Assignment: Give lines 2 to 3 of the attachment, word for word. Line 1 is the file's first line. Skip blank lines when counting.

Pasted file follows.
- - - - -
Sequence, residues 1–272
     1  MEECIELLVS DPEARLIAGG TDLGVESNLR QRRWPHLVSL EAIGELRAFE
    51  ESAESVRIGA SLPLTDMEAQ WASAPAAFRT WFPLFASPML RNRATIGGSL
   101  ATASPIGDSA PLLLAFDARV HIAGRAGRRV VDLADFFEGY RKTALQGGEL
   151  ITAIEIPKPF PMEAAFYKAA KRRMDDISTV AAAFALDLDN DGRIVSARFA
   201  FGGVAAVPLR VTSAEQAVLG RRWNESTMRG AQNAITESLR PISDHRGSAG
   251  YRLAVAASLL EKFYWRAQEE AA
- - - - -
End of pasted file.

     1  MEECIELLVS DPEARLIAGG TDLGVESNLR QRRWPHLVSL EAIGELRAFE
    51  ESAESVRIGA SLPLTDMEAQ WASAPAAFRT WFPLFASPML RNRATIGGSL